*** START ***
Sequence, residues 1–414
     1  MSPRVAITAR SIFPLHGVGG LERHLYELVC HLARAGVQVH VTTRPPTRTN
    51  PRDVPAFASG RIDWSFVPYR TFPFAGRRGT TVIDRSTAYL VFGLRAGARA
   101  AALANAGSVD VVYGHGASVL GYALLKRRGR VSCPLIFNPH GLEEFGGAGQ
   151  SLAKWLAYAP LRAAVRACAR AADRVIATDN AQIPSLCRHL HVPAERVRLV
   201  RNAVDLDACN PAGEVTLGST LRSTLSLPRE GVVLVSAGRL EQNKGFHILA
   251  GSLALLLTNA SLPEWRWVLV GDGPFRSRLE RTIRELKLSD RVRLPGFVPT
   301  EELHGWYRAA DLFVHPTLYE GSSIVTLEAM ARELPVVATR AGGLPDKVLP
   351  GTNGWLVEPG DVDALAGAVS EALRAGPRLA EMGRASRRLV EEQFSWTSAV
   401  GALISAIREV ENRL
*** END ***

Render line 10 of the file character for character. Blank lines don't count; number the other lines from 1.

   401  GALISAIREV ENRL